Mark van Steenwyk on the un-Kingdom of Jesus from The Holy Anarchist:
Christ’s kingship is inconsistent with traditional structures of power; and for this reason, Jesus tells Pilate that “My kingdom is not from this world” (Jn 18:36). Passages like these have, unfortunately, fostered an ineffectual other-worldliness among Christians. And they have been used to legitimate “real-world” kingdoms. Jesus rules some magical sky-kingdom, while princes and emperors can dominate flesh and land.
But Jesus’ reign isn’t other-worldly. It isn’t apolitical. It’s just political in a radically different way…
So, when Jesus said his kingdom wasn’t of this world, he wasn’t understood by Pilate or by the Jews or by his earliest followers as talking about the afterlife or some abstracted spiritual truth. Based upon the lethal response to Jesus (and the early reactions to Jesus’ movement), the “Kingdom of God” was understood as a challenge to Caesar and his reign. Their two kingdoms clashed…
The social, economic, political, and religious subversions of such an un-reign are almost endless – peace-making instead of war mongering, liberation not exploitation, sacrifice rather than subjugation, mercy not vengeance, care for the vulnerable instead of privileges, generosity instead of greed, embrace rather than exclusion.
So, what DOES this unKingdom look like if it’s not domination, not of war or exploitation, subjugation or vengeance, neither privilege, greed nor exclusion?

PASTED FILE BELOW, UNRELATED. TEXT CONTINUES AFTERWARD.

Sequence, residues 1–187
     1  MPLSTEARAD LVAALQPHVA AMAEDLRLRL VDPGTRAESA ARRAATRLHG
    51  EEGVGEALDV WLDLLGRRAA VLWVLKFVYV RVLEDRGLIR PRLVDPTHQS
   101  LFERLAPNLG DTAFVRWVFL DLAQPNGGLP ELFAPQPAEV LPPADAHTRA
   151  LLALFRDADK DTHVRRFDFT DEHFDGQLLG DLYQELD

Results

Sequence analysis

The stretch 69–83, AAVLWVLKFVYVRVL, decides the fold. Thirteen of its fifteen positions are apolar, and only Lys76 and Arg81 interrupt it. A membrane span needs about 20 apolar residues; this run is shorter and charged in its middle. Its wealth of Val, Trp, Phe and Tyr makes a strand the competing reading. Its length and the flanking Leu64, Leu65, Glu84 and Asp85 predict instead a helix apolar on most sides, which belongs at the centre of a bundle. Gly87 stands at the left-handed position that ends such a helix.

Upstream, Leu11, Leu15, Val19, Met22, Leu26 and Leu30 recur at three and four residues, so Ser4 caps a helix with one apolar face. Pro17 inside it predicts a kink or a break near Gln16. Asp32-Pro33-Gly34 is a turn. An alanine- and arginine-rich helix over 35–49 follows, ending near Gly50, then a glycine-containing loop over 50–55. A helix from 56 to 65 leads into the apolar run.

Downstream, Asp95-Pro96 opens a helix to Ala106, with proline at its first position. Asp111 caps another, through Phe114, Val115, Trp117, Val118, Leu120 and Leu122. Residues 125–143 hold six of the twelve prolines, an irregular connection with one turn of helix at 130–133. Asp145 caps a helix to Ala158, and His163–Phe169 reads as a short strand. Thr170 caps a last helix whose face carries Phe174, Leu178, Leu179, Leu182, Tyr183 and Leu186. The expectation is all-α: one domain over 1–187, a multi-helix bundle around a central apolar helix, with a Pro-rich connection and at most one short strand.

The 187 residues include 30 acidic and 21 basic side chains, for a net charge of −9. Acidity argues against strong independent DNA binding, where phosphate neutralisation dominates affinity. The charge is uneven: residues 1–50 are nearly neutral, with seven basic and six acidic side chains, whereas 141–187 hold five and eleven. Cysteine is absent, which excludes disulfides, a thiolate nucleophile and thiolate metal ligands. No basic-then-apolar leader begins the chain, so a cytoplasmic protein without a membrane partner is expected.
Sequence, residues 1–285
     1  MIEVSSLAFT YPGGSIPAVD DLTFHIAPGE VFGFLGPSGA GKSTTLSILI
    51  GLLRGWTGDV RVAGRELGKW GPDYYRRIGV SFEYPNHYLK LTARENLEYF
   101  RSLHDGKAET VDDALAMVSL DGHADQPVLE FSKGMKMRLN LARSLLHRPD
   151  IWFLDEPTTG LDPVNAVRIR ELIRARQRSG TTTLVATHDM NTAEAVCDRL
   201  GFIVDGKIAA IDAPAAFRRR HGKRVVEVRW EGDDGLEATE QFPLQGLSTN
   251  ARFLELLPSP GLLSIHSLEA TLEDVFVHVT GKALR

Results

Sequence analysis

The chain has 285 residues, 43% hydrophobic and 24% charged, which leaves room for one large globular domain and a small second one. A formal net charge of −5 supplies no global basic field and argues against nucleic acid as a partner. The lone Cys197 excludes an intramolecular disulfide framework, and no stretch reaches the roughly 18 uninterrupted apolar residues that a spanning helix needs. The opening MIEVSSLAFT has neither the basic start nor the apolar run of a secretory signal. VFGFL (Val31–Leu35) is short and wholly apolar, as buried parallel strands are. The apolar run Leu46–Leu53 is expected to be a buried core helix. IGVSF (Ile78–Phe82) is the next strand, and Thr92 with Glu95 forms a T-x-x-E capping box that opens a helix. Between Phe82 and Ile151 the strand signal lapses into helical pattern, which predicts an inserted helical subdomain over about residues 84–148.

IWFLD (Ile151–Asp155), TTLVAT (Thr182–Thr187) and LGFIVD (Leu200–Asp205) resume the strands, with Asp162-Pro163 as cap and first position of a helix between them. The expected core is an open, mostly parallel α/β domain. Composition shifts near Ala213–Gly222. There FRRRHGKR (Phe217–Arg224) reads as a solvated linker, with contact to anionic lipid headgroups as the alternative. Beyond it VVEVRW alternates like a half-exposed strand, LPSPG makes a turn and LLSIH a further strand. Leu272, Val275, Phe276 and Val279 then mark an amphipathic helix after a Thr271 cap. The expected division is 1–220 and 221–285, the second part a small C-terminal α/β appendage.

Maybe it looks like a place where values are changed and transforming. Where we love others as we love ourselves because we love God.* Where the prisoners and the poor and the outcasts and the marginalized are prioritized – where the peacekeepers and the meek are elevated, where the hungry and thirsty are fed, where the prisoners are set free, where strangling financial debts are forgiven, and love is the law of the land.
Maybe it looks like Jesus’ sermons and illustrations. And maybe the opposite of that is worldly.
*Rather than the current manifestation of American Churchianity where we often say we love God and use “love” as a semantic weapon against others, telling them that, while we “love” them, they must conform to our dominating standards of what it means to be right or human or good. Which is not love at all, only greed and selfishness.